RALEIGH, N.C. – Seven highly accomplished athletes and three revered coaches make up the inaugural class of the NC State Athletics Hall of Fame, director of athletics Deborah A. Yow announced on Tuesday.
Led by a number of the best players ever to represent the Wolfpack in men’s and women’s basketball, football, women’s track and field/cross country and men’s soccer, it also includes the transformational coaches of Everett Case, Jim Valvano and Kay Yow. Five of the seven athletes are North Carolina natives.
“The efforts of the hall of fame selection committee and chair Chris Kingston are very much appreciated,” said Deborah A. Yow. “We look forward with great anticipation to the inductions and the celebration of achievements by 10 extraordinary men and women.”
The class will be celebrated at the 2012 NC State Athletics Hall of Fame Induction Banquet on Oct. 5 in Reynolds Coliseum.
David Thompson, the high-flying forward who led the Pack to the 1974 NCAA Championship, will represent men’s basketball in the class, while all-time leading scorer Genia Beasley will represent women’s basketball.
Thompson, a native of Shelby, N.C., led the Wolfpack to the 1973 and ’74 ACC titles and helped Norm Sloan’s team break UCLA’s streak of seven consecutive national titles by beating the Bruins in double overtime of the 1974 semifinals in Greensboro, N.C. Two days later, the Wolfpack beat Marquette to secure the first team championship in school history.
Beasley, a native of Benson, N.C., scored more points (2,367) and had more rebounds (1,245) than any women’s basketball player in school history, while leading Kay Yow’s squads to the 1978 and ’80 regular-season ACC titles and the 1980 ACC Tournament Championship.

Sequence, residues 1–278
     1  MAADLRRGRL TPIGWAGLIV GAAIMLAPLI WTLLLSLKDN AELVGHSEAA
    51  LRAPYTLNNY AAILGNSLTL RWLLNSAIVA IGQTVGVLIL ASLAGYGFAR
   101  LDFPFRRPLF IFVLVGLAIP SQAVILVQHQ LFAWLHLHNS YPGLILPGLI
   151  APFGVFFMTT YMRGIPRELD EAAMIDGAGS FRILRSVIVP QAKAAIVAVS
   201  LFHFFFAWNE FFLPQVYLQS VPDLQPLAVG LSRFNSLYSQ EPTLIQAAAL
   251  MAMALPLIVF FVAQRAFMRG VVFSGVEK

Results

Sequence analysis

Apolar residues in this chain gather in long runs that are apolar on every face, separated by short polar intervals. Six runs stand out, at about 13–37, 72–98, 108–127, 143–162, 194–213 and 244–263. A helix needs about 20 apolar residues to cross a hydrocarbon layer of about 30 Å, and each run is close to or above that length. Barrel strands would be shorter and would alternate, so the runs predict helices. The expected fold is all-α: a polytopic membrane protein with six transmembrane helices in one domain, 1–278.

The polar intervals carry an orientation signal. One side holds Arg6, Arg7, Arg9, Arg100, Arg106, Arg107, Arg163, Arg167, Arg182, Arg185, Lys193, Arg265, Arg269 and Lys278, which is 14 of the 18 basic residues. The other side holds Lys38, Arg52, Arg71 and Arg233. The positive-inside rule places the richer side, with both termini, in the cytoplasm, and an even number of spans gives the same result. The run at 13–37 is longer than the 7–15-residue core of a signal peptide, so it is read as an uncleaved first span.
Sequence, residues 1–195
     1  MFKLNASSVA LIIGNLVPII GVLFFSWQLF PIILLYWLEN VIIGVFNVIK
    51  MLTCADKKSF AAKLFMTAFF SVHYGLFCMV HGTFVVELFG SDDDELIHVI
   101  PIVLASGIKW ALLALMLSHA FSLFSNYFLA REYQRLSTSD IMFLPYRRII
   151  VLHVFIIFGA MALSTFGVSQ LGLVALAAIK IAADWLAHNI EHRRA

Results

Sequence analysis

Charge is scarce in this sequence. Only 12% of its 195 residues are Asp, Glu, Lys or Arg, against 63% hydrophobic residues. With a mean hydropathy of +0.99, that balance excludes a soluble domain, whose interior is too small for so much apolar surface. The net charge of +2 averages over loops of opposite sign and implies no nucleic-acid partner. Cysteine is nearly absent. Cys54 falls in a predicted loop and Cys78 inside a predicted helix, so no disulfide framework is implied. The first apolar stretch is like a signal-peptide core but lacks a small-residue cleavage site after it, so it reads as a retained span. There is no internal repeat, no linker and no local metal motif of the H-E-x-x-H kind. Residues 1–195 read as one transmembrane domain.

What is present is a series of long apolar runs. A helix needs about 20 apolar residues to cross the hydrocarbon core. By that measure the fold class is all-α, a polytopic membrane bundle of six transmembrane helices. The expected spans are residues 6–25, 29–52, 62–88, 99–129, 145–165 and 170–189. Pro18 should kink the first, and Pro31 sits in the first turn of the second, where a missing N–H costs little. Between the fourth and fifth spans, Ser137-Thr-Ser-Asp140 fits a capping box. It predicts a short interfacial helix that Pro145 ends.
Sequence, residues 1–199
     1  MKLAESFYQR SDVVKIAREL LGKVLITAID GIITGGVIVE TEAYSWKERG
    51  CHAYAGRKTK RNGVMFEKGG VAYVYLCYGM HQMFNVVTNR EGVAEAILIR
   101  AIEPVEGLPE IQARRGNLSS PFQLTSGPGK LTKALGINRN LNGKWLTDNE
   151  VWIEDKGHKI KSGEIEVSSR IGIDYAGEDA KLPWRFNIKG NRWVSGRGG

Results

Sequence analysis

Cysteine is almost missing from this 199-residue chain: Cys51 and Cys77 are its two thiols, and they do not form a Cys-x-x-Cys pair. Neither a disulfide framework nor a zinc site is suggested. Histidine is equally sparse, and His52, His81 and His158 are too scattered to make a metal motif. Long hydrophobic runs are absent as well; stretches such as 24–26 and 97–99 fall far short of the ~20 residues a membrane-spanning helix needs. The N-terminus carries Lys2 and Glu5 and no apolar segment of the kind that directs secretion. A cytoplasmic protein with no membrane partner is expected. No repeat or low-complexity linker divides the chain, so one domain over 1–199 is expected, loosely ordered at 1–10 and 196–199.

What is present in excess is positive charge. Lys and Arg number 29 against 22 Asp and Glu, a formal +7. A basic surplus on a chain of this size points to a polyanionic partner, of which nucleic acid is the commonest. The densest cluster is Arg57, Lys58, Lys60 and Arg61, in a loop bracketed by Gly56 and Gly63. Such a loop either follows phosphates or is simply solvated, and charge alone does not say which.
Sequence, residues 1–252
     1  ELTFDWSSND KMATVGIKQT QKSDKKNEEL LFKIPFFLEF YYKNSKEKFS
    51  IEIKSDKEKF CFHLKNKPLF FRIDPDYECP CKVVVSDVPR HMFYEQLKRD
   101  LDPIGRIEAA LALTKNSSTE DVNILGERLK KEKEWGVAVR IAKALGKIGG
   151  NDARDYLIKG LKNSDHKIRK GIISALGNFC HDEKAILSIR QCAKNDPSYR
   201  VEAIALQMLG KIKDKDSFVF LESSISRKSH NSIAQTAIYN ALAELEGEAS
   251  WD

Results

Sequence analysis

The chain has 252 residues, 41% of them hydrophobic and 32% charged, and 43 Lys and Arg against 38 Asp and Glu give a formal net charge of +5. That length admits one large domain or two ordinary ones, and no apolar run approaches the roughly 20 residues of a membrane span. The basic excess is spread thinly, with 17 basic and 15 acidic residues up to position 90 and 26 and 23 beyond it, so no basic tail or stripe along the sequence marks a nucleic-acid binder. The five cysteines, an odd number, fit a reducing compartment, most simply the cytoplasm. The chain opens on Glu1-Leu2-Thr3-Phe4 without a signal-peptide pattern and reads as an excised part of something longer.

Seven-time national champion Julie Shea, perhaps the school’s most decorated female athlete, was the top finisher on the 1979 and ’80 cross country teams that won NC State’s and the ACC’s first national championships in women’s sports. In addition to her two national individual cross country titles, she won five national track and field championships in the 3,000 meters, the 5,000 meters and the 10,000 meters, including all three at the 1980 championship meet.
Three football players are in the first class, including the ACC’s all-time rushing and scoring leader, tailback Ted Brown, whose amazing records have stood the test of time since he played his last game in 1978. He is joined by teammate and center Jim Ritcher, one of the most accomplished offensive linemen in college and professional football history. Ritcher was the winner of the 1979 Outland Trophy, provided to the best college football interior lineman in the nation.
The third football inductee, Roman Gabriel, was a two-time All-American as a quarterback in 1960 and ’61. He was also a 1961 Academic All-American while at NC State. In 1969, he was selected as the NFL Player of the Year for the Los Angeles Rams. The Wilmington, N.C., native also played baseball and freshman basketball for the Wolfpack.
Tab Ramos, one of the top players in the history of American soccer, was a three-time All-American at NC State before his successful post-collegiate career, which included three World Cup teams and a starting position on the 1988 U.S. Olympic Team.
Case brought big-time college basketball to the South when he was hired in 1946. He won nine conference championships in his first 10 seasons with the Red Terrors/Wolfpack and is still the winningest coach in school history with 377 career wins. He also won 726 games and four state championships as a legendary Indiana high school coach.
Yow was the first full-time women’s college coach at a North Carolina school. In 34 years at NC State, she led the Wolfpack to 680 wins, 20 NCAA Tournament appearances, 11 Sweet Sixteens and the 1998 Final Four. She also led Team USA to gold medals at the 1988 Seoul Olympics and the 1986 World University Games in Moscow.
As both men’s basketball coach and athletics director, Valvano is one of the most recognizable figures in NC State history. He guided the Pack to both the 1983 ACC and NCAA championships in just his third year as head coach. In addition to winning regular-season ACC titles in 1985 and 1989, he also won the 1987 ACC Tournament and was selected 1989 ACC Coach of the Year. He guided the Wolfpack to seven NCAA tournaments, four Sweet Sixteens, three Elite Eights and one Final Four.
Thompson, Case and Yow are already enshrined in the Naismith Memorial Basketball Hall of Fame, Gabriel and Ritcher are in the College Football Hall of Fame and Ramos is in the United States National Soccer Hall of Fame.
Nine of the 10 selections have been inducted into the North Carolina Sports Hall of Fame.